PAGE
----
SALT LAKE CITY -- Nick Young might be the unofficial NBA leader when it comes to sheer "swag," but there is an actual statistical category that Young is the league leader in: 4-point plays.
Young has four 4-point plays on the season, made possible when a player makes a 3-pointer as he's being fouled and then hits the ensuing free throw, which doubles Stephen Curry, Kyle Korver and Anthony Morrow who are all tied for second with two apiece.
Young recently had a stretch of three 4-point plays in four games from Dec. 20-25, something no player had accomplished since Jamal Crawford did it in March 2009 for the Golden State Warriors, according to ESPN Stats & Info. Crawford happens to be the league's all-time leader in the quirky stat.
"Well, that's one of our goals," Lakers coach Mike D'Antoni deadpanned when asked about Young's 4-point feat.
Young now has eight 4-point plays in his seven-year career.
"It is uncanny," D'Antoni said. "Some guys have it. I think Jamal Crawford has that. There's a few guys that can do that. I don't know how they do it. I couldn't make an open 3 just by myself. How they can draw the foul and be able to make it is a mystery. But he does have that ability."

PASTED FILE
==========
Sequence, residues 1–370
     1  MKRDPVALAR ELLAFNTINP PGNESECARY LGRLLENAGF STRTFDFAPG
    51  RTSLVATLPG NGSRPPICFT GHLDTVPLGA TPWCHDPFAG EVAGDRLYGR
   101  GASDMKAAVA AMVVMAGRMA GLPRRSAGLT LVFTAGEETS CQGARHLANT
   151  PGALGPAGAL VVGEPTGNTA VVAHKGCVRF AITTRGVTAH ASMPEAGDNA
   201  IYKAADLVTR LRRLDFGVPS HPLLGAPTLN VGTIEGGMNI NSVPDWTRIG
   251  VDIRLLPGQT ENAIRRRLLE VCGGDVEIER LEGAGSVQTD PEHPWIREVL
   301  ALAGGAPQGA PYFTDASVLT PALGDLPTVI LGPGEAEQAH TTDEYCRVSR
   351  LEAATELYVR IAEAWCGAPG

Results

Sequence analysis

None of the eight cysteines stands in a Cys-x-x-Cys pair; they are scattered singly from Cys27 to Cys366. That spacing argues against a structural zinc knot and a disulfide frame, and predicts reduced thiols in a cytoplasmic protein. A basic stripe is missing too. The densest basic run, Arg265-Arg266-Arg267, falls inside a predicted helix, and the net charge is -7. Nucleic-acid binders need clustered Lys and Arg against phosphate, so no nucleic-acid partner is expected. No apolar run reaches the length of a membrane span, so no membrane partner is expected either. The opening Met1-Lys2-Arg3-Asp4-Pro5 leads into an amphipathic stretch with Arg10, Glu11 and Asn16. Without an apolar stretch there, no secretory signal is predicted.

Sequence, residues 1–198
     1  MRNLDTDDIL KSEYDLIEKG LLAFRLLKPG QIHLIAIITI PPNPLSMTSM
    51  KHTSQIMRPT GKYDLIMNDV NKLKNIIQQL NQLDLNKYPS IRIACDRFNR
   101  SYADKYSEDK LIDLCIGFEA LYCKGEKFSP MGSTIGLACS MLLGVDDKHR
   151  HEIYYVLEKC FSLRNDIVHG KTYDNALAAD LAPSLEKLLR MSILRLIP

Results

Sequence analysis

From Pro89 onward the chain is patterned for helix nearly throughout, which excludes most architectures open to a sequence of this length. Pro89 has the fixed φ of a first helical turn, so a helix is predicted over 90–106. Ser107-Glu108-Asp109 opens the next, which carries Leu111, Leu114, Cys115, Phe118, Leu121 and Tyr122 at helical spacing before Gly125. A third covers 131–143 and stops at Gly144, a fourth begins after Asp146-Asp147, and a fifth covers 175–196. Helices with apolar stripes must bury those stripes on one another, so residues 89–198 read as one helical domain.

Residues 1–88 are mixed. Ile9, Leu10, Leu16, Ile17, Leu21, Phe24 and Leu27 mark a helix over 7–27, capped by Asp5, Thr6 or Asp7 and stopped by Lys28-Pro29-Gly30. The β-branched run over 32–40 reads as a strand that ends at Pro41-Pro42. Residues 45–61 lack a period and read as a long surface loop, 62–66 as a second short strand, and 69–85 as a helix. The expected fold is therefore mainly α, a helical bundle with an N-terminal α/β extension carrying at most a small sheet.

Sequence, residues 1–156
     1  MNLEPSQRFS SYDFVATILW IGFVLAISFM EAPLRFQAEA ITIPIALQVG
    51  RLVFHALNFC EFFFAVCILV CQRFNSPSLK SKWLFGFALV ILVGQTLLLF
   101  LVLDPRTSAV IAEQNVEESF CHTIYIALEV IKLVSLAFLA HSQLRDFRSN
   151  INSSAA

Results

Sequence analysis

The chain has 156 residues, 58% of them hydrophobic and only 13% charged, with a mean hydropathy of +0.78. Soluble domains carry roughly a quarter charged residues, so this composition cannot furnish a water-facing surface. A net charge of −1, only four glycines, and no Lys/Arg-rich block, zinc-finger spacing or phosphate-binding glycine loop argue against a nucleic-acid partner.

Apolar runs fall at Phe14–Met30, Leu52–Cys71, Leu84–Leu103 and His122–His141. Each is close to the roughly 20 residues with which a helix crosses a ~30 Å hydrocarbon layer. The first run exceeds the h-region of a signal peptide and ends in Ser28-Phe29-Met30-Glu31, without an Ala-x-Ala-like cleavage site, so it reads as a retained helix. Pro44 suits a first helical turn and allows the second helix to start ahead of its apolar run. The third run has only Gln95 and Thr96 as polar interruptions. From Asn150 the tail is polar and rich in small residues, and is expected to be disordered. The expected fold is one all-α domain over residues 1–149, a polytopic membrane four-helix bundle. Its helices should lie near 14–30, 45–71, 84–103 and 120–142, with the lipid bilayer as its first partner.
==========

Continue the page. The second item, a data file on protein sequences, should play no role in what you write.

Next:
Young's four 4-point plays have already set a Lakers franchise record for most in a season. When asked before the Lakers played the Utah Jazz on Friday if he could guess the four other players in Lakers history to have two or more 4-points plays in a season (since 1978-79 and including playoffs), Young was able to guess three of them -- Kobe Bryant, Derek Fisher and Eddie Jones -- and needed help from teammate Jordan Farmar to get the fourth (Sasha Vujacic).
What does Farmar think about Young's 4-point ways?
"You don't see it often, so when you see it four times in a season, five times in a season -- however many times he's done it -- you notice," Farmar said. "You pay attention."
Then Farmar revealed the secret behind Young's 4-point success.
"He shoots it normal and then just, 'Ahhhh!' " Farmar said with a laugh as he contorted his body in exaggerated fashion to simulate how Young reacts to contact when he shoots beyond the arc.